Evolution of a Barra Fisho
  |  First Published: September 2011

We all have our stories on how we have evolved as anglers.

Coming from a game and reef fishing background, I hadn’t really done any bass fishing and just dove into barra fishing without prior experience. But I have learnt a lot from my fellow anglers and friends, and if you just pay attention to the things other fisho tell you, it can really pay off.

My good friend Jason Ehrlich told me years ago how he caught some barra in Lake Monduran on lipless crankbaits, I thought to myself: ‘what the hell is a lipless crackbait?’ After some research and some education I discovered what these lures are and how to use them by adopting bass techniques that I was previously unfamiliar with.

Some time later, Jason embarrassingly pulled me up for saying we have no need to fish hardbodied lures any more as the soft plastic boom took on. I tend to lead with my heart when it comes to fishing, not my brain.

During one of the tournaments at Lake Monduran the fishing was very tough and people had caught fish in the pre fish on hardbodies. But I thought I would stick to my guns and keep fishing with plastics.

During the competition Jason told me he caught a fish on a Tranzam. Once again I thought ‘what the hell is a Tranzam?’ and then never thought about it again. My son, Tommy, fished with Jas this weekend and is an eternal Rapala fan after learning about the lures on the XBox 360 game. Tommy wanted to know what lure he should use, so I told him to ‘be your own man and choose your own lure’. He inevitably chose a Rapala hardbody and with that lure he caught the first fish in the tournament. Jason and Tommy used hardbodies in the tournament and ended up coming in third overall.

Dan Grech and his girlfriend, Belinda, went on to win that tournament fishing with Tranzams that he had borrowed from Jason. This for me was the birth of the Tranzam as a barra fishing tool. Dan went on to use it very effectively and do very well in the ABT tournaments as well.

These lures really came into their own with the recent spill of barra into our saltwater estuaries and more noticeably at the Boyne River. The Tranzams have now become a very important part of every barra fisher’s tackle box, which just goes to show what you can learn from your peers.

In the Jackall stable the Mask Vib is also a very effective barra lure and we use these in the Boyne and other saltwater estuaries. When fishing these types of lures I use a 20lb main line and a 40lb leader. The Tranzam hooks are fine to catch fish up to 132cm in open waterways, but if you choose to upgrade the hooks be careful not to retard the action of the lure. The other lures like the 19g Jazz Deka Bokun, TN60 and Threadybusters may need hook upgrades.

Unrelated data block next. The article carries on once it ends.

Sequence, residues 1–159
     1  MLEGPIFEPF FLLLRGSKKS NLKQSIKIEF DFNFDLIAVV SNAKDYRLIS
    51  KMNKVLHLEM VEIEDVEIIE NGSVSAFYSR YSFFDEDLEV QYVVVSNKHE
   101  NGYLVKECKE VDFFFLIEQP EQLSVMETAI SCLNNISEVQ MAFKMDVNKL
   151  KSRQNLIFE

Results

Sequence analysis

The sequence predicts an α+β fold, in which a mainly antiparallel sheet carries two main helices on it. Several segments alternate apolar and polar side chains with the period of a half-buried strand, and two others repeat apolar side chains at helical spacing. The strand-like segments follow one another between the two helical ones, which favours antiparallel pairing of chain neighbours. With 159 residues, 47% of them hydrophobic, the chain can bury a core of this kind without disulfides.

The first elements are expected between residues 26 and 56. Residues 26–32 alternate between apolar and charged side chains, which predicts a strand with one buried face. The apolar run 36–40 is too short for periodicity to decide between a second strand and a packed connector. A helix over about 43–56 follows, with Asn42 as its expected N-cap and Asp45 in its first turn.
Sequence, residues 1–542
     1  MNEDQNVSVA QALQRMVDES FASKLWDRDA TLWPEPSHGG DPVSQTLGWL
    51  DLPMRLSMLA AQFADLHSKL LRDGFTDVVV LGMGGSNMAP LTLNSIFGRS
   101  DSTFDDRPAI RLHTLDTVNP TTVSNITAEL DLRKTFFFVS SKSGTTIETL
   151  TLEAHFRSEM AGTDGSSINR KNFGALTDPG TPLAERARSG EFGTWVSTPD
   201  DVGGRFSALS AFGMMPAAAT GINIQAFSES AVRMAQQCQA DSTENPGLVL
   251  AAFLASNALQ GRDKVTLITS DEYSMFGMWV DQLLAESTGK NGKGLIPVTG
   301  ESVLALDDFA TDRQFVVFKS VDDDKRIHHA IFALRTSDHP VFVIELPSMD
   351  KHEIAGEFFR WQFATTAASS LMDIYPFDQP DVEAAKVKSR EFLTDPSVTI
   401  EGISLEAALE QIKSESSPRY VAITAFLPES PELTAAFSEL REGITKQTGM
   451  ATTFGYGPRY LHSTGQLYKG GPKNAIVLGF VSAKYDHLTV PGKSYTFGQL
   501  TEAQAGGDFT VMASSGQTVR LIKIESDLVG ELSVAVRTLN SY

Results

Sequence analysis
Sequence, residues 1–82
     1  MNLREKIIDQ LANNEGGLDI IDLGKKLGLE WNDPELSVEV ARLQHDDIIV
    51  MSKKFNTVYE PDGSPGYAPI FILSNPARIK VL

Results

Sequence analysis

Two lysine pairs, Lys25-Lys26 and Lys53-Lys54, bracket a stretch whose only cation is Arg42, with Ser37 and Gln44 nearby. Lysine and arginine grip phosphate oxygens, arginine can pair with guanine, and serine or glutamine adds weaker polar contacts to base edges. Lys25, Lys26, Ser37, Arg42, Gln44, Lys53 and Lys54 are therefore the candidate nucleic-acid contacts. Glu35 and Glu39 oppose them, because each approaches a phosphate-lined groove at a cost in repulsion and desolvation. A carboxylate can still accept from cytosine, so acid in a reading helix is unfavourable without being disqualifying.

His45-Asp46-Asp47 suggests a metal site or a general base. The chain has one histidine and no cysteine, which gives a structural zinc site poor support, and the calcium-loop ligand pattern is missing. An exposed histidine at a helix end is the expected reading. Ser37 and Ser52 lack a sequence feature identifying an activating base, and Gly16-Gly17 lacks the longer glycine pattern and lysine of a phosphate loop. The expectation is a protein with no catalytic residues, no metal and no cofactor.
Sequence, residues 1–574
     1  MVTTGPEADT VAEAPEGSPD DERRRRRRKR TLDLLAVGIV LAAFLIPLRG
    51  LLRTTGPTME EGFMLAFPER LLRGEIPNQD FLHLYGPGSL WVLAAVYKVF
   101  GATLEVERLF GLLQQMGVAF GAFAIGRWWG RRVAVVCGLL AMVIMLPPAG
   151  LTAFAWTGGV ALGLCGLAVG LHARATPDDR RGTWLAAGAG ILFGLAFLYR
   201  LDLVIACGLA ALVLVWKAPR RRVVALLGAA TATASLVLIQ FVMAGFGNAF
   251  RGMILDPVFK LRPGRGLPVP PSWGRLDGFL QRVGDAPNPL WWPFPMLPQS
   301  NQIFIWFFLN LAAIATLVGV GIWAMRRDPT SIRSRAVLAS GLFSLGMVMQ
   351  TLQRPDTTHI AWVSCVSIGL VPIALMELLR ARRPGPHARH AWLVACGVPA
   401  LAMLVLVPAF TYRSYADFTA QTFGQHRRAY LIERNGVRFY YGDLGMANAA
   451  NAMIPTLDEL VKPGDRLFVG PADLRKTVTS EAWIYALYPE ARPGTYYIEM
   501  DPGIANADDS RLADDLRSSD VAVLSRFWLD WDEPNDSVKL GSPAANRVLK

The secret to catching barra in saltwater estuaries is to have a good side scan sounder. I have just recently purchased the 1198 Humminbird and this has been great tool for finding big barra schooled up in saltwater estuaries. Lowrance also make a very effective HD sounder that will do the same job.

I can’t emphasise how important a tool the side scan has become. I have used it all over the state fishing fresh and saltwater and it can mean the difference between success on any given day.

Just last night I was in the Burnett River scanning schools of barra, which gave me the edge to catch some great barra and my PB threadfin salmon at 108cm.

In the coming months fishing it will continue to be fantastic in the saltwater estuaries, with all these big fish and loads of bait and prawns, we can expect good spawning in the future.

Lake Monduran has still been tough and will be tough in the months ahead. I have seen plenty of fish on the side scan that are proving to be uncatchable at this stage, maybe as the waters warm up in the summer these fish will come into their own.

I really feel that there are plenty of fish left in Lake Monduran, as most of the fish I have seen on the side scan are perfect barra signature shadows on the sounder.

The month ahead offshore will be great with our usual reef fishing prowess around Bundaberg. The sailfish will also turn on in September with wahoo, small black marlin, and mahi mahi. Heavy tackle marlin fishing will fire up with blacks, blues and stripe marlin caught in the deeper waters on the Shelf of the Bunker group of islands and Fraser Island.

No Go for Netters

Barramundi have infiltrated the estuary system and huge barra are being caught in all the rivers including the Burnett River right in the town reaches of Bundaberg. These barra are a much sought after item by the anglers but it seems the pros can’t help themselves. I was fishing the Burnett River last night and was appalled to see eight nets in under 1km of river.

This has also happened in the Boyne River and around the power station at Gladstone. The pros have taken advantage of fishing the warmer areas of the river where the warm water from the power station has been pumped, which entices the barra to come in and enjoy the tropical conditions.

The government closing off large areas of the Great Barrier Reef seems pointless to me when they continue to allow netting in the rivers. Netting in rivers exploits the nurseries that hold these fish.

Most of these stocked fish that are in the rivers at the moment, having escaped when the dams flooded, have been payed for by anglers through stocking permits. In my opinion these metre plus fish are worth at least $600 each to the tourism industry, yet the professionals flog them for less than $3.00 per kilo.

To me it seems that the professional fishers have no place in our estuaries and their industry is affecting our precious resources.

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